Once again, the season of holiday movie-going — that special time of year when local art-houses overflow with Oscar bait and the multiplexi are stuffed with family-friendly fare sweeter and stickier than a supermarket Yule log — is upon us.
It’s The Most Wonderful Time of the Year, those few weeks in December when even yours truly stops fruitlessly trying to better his mind and relaxes with a popcorn flick or three. Therefore, be it resolved: this week I’ll spare you any dissertations on the latest Estonian comedy or that depressing documentary about cute baby seals being turned into lamp shades in favor of something a little more mainstream.
The Muppets (currently screening at Rialto Cinemas Elmwood) hits the family film sweet spot, taking the now grown children of the late 20th century on a delightful trip down memory lane while also tickling the funny bones of the younger set. Whether you’re 8 or 80, a chorus of chickens singing a G-rated version of Cee-lo Green’s Fuck You is going to make you laugh, but the film’s narrative structure is primarily designed to reel in those of us who spent the late 1970s following the prime-time adventures of Kermit the Frog. (Speaking of whom, it’s hard to imagine a time when the only remotely famous Kermit was Teddy Roosevelt’s grandson. It’s also hard to imagine a time when loving parents would name their son ‘Kermit’.)
Kermit was the only Muppet to take the leap from PBS pedagogue to network superstar, so it’s only proper that the lean green amphibian is the focal point of The Muppets. In brief: having retired into seclusion upon The Muppet Show’s 1981 cancellation, Kermit is called upon to save the old Muppet Studio from a nefarious oil baron (Chris Cooper) who intends to tear it down and drill for the Texas Tea rumored to be bubbling beneath its historic grounds.
The only way to save the studio, of course, is to buy it back — and the only way to do that is to raise funds via a good old-fashioned telethon. (Foreshadowing is provided via a cameo appearance by Mickey ‘hey kids, let’s put on a show!’ Rooney, now in his tenth decade of film work.) Cue a reunion of the old gang, including Miss Piggy, Fozzie Bear, Dr. Teeth and the Electric Mayhem and the rest, including my personal favorite, the Swedish Chef. Börk Börk Börk!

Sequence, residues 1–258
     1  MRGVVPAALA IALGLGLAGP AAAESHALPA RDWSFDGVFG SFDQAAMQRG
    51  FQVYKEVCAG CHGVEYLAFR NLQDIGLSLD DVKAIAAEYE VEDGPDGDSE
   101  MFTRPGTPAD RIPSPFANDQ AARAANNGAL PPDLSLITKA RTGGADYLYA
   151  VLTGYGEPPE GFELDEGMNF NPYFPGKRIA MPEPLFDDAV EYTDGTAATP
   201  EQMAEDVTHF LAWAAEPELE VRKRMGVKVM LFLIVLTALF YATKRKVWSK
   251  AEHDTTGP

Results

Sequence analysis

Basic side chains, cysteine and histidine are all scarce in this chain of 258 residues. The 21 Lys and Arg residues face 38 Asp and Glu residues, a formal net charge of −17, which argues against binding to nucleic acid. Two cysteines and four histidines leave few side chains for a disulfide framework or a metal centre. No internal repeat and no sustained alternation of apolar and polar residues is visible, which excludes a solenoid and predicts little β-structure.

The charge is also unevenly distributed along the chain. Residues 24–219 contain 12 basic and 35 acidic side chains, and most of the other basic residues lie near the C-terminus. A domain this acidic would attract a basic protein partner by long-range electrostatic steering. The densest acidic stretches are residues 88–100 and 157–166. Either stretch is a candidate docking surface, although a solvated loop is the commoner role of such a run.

The film also features humans Jason Segel and Amy Adams, well cast as a pair of young lovers who periodically sing and dance their way through some surprisingly good musical numbers. Of particular note is Segel’s performance of the heart-rending Man or Muppet, in which he questions whether it’s better to be flesh and blood or foam and felt:
“Am I a man or am I a Muppet?
If I’m a Muppet then I’m a very manly Muppet
Am I a Muppet or am I a man?
If I’m a man that makes me a Muppet of a man.”
Eat your heart out, Cole Porter.
The Muppets is a delightful and comfy ninety minutes of grade A corn. Hugo (currently screening at Landmark’s Shattuck Theatres), on the other hand, is of a decidedly more serious bent, and not quite as kid-friendly as its marketing suggests. That doesn’t mean there’s anything in it unsuitable for small fry, but at over two hours in length and with little in the way of fart jokes, it’ll be a bit of a challenge for the under-12s (and many over-12s, too).
Directed by Martin Scorsese, Hugo relates the story of a young Italian-American lad growing up in the Bronx circa 1960. Oh, no that’s wrong — he’s actually an orphan (Asa Butterfield) who maintains the clocks in a Paris train station. While evading the clutches of a station guard (Sacha Baron Cohen, channeling the spirit of Chitty Chitty Bang Bang’s Child Catcher), he meets a crotchety old toy merchant (Ben Kingsley) with a surprising secret. Well, it’s only surprising if you haven’t read any spoiler-laden reviews, which I didn’t. Let’s just say that Hugo turns into Professor Scorsese’s first-day-of-college undergrad film lecture. Not that there’s anything wrong with that.
The Muppets reflects the influence of post-modernism on pop culture; Hugo provides a more traditional example of linear storytelling. Hugo’s sexual politics are decidedly patriarchal, its female characters doing little more than reacting to the actions of its male characters, while the liberated Miss Piggy plays a critical role in the effort to save the Muppet Studio. In next week’s column, I’ll expand on these themes, with particular attention paid to the influence of situationism on the ‘spectacle’ of the Muppet telethon.
Till then, however, I’m going to watch those chickens again. They are so darn funny!
Berkeleyside’s film writer John Seal writes a weekly movie recommendation column at Box Office Prophets, as well as a column in The Phantom of the Movies’ Videoscope, an old-fashioned paper magazine, published quarterly.
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